A file photo shows social media app icons on a smartphone. Picture: AP
A file photo shows social media app icons on a smartphone. Picture: AP

Conversations related to Covid-19 on social media driven by conspiracy theories and vaccine hesitancy

By Yasmine Jacobs Time of article published Oct 17, 2021

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FRINGE conspiracy theorists still continue to drive a significant amount of anti-vaccination rhetoric, followed by posts on vaccines hesitancy and vaccine scepticism.

This is according to the Centre for Analytics and Behavioural Change (CABC).

The analysis shows that unsubstantiated claims about vaccine injuries and death, government/institutional manipulation, conspiracy theories, and similar mis/disinformation, remain prevalent – despite attempts by authorities to curb misinformation.

CABC researchers also found a number of posts containing claims that people have died from the vaccine, as well as posts claiming that people have gotten severe vaccine injuries.

Conspiracy theories

There are several dangerous conspiracy theories doing the rounds, that play a huge role in the resistance towards vaccines.

The most prevalent is the claim suggesting that the Covid-19 vaccine was designed specifically as a tool for depopulation.

There are also accusations that the US Government’s Centres for Disease Control and Prevention (CDC) is hiding the true number of vaccine injuries and deaths, while others made claims suggesting that the testing of Covid-19 and administration of vaccines are both part of government/institutional interests.

Another common conspiracy is that the vaccination roll-out in South Africa, and throughout the African continent, is a means to experiment of African people.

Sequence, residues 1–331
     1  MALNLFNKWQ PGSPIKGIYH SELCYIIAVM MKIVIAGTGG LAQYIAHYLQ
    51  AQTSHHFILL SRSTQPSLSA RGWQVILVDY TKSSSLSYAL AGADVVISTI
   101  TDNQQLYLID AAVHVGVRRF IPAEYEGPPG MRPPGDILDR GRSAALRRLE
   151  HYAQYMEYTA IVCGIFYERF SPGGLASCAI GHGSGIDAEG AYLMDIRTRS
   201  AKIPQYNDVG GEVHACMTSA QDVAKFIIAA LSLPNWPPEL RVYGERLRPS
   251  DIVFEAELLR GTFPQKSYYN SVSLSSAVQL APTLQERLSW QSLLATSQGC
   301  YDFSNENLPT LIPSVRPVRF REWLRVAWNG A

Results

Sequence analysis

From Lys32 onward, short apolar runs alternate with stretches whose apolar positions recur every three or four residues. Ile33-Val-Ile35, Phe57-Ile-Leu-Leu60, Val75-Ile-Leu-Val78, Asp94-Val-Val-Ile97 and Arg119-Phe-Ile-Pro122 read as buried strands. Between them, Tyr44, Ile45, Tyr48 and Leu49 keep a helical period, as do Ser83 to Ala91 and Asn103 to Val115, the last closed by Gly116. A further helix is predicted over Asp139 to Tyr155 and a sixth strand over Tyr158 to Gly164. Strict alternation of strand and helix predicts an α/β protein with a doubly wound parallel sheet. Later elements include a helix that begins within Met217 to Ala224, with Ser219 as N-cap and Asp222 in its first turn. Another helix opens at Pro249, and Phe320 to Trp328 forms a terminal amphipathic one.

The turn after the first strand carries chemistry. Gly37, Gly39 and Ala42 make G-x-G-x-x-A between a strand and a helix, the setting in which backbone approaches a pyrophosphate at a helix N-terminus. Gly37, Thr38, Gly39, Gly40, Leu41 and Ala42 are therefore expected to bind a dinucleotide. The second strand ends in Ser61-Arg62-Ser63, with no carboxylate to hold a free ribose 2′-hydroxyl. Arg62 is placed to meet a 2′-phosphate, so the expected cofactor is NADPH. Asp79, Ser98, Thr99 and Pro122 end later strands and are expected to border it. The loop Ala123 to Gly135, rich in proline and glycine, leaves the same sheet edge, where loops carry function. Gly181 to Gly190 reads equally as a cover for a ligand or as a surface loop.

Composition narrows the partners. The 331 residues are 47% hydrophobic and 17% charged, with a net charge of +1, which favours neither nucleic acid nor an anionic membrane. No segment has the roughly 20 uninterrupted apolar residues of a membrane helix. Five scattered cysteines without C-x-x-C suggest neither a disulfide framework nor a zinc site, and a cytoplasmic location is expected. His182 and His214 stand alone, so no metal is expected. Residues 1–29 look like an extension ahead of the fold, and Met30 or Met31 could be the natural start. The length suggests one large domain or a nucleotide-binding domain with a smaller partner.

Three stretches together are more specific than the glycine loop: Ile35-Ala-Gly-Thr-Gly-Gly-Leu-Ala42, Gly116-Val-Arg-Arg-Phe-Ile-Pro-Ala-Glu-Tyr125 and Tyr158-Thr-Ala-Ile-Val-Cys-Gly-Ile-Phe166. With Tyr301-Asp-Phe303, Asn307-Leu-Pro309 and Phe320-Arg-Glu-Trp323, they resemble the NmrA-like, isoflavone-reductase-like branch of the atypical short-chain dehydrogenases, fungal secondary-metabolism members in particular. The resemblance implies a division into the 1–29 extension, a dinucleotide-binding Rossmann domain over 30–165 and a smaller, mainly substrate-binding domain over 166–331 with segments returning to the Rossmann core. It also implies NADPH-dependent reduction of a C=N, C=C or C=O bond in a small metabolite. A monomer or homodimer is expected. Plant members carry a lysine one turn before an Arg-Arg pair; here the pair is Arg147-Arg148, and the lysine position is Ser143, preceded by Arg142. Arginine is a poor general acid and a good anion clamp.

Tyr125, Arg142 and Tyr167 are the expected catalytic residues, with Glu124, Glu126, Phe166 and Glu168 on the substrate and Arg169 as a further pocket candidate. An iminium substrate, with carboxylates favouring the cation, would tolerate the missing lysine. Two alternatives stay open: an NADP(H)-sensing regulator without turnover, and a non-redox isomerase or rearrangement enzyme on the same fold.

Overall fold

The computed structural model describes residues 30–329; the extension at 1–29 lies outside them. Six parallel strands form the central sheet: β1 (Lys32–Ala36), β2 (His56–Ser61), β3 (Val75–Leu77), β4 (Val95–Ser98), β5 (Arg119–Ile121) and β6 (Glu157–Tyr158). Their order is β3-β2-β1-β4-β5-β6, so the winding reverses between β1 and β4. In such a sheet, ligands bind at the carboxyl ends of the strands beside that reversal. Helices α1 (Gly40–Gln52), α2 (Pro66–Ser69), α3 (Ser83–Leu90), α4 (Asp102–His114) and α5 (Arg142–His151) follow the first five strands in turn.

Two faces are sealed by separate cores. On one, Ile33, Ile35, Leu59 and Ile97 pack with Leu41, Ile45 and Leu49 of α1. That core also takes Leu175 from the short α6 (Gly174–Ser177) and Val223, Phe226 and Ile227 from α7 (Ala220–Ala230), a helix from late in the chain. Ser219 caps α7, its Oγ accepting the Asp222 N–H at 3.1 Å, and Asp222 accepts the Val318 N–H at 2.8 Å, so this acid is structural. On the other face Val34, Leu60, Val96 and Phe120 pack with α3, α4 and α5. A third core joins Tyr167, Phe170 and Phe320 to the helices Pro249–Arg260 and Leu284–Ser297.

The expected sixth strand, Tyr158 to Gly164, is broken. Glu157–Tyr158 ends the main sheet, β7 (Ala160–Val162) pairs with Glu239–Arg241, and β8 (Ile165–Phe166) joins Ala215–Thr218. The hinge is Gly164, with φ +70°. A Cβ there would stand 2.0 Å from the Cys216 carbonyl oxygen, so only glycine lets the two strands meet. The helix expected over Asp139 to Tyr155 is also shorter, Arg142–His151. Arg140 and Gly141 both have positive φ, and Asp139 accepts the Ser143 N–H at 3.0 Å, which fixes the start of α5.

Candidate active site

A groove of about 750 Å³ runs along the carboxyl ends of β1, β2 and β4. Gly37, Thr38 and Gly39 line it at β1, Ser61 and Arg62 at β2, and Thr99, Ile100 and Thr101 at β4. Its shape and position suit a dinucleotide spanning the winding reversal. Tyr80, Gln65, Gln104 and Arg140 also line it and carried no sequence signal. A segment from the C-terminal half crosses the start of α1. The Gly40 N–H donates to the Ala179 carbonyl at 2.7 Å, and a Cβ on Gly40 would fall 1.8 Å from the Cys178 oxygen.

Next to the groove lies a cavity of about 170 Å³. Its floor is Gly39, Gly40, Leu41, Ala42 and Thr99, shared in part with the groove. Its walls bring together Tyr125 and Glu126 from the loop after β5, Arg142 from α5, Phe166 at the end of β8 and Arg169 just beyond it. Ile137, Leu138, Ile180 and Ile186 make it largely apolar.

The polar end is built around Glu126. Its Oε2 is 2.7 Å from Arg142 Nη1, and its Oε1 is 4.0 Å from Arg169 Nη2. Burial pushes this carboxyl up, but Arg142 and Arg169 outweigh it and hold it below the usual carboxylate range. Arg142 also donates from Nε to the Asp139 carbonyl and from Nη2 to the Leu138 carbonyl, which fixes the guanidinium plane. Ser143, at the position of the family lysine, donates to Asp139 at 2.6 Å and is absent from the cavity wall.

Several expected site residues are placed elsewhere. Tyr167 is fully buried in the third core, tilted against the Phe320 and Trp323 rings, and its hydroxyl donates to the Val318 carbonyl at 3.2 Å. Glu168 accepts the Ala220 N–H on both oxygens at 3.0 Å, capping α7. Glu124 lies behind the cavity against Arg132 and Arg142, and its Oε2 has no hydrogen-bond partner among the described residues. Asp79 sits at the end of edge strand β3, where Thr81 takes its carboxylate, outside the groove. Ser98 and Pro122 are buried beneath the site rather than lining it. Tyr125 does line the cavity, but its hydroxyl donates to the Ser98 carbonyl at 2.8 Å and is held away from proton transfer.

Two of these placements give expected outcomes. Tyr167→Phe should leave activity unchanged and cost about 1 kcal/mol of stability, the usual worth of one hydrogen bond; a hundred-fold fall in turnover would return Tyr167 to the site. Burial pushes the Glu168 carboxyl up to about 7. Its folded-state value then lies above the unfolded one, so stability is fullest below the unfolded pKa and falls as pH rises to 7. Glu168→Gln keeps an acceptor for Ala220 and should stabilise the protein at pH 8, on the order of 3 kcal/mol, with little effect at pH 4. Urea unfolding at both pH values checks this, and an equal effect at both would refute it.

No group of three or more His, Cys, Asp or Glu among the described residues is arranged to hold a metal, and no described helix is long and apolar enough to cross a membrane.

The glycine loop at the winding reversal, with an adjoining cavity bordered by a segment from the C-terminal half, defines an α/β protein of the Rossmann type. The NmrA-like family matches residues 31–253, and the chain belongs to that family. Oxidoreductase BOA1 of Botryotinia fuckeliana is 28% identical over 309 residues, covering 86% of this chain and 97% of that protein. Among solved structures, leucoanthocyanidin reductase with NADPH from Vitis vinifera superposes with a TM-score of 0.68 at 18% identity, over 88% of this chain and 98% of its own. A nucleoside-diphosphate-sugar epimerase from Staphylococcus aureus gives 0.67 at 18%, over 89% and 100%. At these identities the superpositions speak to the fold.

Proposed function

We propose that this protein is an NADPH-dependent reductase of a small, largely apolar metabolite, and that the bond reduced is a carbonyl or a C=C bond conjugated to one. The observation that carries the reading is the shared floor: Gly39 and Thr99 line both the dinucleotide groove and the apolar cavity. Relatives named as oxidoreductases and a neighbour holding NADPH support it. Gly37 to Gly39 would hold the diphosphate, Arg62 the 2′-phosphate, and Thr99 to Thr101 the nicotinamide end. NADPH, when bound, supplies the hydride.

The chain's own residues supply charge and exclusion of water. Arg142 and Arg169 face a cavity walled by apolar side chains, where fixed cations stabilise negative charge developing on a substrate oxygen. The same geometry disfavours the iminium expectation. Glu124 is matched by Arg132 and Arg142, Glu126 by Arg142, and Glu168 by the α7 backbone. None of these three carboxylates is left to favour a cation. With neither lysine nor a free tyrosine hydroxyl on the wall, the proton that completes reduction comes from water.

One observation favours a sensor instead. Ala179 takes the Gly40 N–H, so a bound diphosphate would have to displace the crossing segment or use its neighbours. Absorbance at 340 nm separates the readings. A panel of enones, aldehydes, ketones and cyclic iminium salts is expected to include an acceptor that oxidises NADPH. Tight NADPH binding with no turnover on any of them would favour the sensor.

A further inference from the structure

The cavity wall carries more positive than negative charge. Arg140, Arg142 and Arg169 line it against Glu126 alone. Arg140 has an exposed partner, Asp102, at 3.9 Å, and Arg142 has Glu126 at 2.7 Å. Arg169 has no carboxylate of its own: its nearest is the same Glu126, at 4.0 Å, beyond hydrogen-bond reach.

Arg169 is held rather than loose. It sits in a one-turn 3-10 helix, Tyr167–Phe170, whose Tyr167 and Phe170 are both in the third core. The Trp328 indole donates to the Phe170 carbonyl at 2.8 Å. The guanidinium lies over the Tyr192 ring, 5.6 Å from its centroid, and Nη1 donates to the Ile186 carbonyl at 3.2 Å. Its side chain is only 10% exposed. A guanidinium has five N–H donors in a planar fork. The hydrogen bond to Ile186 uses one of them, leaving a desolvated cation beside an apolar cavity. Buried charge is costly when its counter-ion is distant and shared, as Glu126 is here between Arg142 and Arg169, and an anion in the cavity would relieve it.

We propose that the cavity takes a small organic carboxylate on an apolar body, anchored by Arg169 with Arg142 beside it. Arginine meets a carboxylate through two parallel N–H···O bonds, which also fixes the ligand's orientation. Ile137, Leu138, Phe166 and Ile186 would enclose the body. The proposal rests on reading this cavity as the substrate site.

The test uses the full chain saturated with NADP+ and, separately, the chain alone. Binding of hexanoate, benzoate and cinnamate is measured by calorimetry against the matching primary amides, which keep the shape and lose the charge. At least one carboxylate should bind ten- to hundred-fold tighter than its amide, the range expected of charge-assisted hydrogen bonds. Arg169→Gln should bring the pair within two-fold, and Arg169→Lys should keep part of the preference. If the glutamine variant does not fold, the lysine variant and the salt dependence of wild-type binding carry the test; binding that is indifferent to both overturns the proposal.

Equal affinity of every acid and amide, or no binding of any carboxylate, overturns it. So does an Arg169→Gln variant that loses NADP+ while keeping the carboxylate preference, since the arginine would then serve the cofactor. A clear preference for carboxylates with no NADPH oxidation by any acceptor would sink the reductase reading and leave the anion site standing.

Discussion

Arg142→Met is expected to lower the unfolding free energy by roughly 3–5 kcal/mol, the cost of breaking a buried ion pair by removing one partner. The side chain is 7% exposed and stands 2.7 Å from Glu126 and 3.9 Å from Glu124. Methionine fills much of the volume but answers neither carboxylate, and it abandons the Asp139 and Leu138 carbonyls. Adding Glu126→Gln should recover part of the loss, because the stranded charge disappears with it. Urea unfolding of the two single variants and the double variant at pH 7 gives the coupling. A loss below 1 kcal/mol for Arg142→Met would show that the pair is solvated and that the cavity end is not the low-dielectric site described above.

Out of thousands of tweets related to Covid-19 vaccinations, data showed that vaccine hesitancy drove a significant portion of the discussions on social media.

A post tweeted by a US account, that frequently distributes anti-vaccination information, gained traction in South Africa. It read: “Fifth year medical student waited to get Pfizer's jab because it was presented as the ’safest’. Ten minutes later, Arooj began having spasms, then seizures, and lost use of her legs. Arooj has asked her family to document these episodes for medical research.”

Sometimes, hesitants would use neutral tweets to substantiate their anti-vaccine stances, as seen when local celebrity Bonnie Mbuli tweeted about her post-vaccine symptoms in a tweet that read: “Shuuu! My vaccine side effects seem heavier than most describe, can’t even get out of bed, didn’t even feel this bad when I had Covid-19. Did anyone else have hectic side effects?”

Amongst the trending side-effects that have escalated vaccine hesitancy online are reports of women missing their periods following their vaccinations.

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